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BURNSIDE BRIDGE (Confederate view): Here's an interactive panorama taken just steps to the left of a quarry pit from which the rebels fired on the Federals attempting to cross the small stone-arch bridge. Confederate forces held off the Union IX Corps here for about three hours before retreating on Sept. 17, 1862. Capt. John Griswold of the 11th Connecticut led skirmishers across the creek just to the right of the bridge. Shot in the middle of the 4-foot deep stream, he staggered to the bank on the rebels' side. Surgeon Nathan Mayer and four privates rescued Griswold, carrying him to a nearby small shed. (The shed has long since been torn down.) The Lyme, Conn., officer died the next day from a bullet wound near the stomach. The Park Service has done terrific work here restoring this site to near its 1862 appearance.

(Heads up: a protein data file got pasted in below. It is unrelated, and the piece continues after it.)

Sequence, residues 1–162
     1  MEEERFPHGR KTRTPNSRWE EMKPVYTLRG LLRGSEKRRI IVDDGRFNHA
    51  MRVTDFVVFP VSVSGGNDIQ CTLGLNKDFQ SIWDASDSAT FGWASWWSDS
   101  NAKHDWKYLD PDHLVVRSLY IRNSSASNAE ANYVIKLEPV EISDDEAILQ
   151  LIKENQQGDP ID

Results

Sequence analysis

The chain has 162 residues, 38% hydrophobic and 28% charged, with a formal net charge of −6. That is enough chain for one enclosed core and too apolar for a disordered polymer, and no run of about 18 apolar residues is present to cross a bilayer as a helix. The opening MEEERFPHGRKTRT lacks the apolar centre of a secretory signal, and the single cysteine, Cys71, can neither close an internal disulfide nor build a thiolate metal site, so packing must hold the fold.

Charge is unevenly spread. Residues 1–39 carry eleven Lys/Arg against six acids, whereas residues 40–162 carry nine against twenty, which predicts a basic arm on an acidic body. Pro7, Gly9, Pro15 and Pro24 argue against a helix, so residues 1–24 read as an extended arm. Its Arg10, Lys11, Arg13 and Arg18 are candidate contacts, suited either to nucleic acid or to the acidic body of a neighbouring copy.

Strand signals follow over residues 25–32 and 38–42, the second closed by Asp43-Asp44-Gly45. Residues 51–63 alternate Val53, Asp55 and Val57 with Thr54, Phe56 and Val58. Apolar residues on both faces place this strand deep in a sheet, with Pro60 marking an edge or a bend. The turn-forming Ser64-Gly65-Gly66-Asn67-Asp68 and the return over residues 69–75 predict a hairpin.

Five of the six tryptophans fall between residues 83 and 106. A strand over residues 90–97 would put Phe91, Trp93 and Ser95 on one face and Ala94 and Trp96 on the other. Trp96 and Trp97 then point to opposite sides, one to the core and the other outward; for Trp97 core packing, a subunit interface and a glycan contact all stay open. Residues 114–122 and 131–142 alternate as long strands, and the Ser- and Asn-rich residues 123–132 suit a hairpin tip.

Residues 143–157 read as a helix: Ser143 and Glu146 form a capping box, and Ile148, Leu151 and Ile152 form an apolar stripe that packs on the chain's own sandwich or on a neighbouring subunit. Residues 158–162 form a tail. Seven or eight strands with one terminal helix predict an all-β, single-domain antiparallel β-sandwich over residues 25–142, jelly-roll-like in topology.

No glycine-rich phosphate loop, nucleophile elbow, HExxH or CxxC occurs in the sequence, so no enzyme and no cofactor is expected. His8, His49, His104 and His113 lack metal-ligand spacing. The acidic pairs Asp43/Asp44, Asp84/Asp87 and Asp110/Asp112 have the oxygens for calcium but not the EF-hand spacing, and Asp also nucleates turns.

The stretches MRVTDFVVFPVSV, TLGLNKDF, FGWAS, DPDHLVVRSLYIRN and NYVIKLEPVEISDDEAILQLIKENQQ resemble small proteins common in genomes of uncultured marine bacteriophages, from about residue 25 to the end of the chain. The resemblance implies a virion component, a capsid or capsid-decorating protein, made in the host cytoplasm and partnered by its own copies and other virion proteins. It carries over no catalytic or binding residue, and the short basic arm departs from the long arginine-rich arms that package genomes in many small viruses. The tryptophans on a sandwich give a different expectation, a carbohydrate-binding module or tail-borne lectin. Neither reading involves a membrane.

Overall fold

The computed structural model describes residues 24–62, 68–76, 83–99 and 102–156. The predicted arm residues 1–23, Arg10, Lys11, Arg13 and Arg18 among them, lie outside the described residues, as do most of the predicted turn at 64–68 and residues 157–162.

BURNSIDE BRIDGE (Union view): As the 11th Connecticut fanned out here along Antietam Creek, aiming to pin down the rebels on the bluffs across the stream, it faced withering fire. "The air rang with whistling balls," an 1868 history of Connecticut's service during the war noted, "and the ground quaked with the hard breath of artillery." 11th Connecticut Pvt. Daniel Tarbox of Brooklyn, Conn., was mortally wounded in the attack, dying the next day. (On this spot last spring, I read a portion of 18-year-old Daniel's final letter home to his father. You can watch that here.) Each time I visit Antietam, I am amazed by what the Confederates accomplished here. With a few hundred men, some firing from perches in the trees on the bluff, they held off the Union IX Corps for three hours, time their army sorely needed for A.P. Hill to bring up his boys from Harpers Ferry, about 17 miles away. The bluffs along Antietam Creek are not very imposing, but they were imposing enough that Wednesday for the Yankees.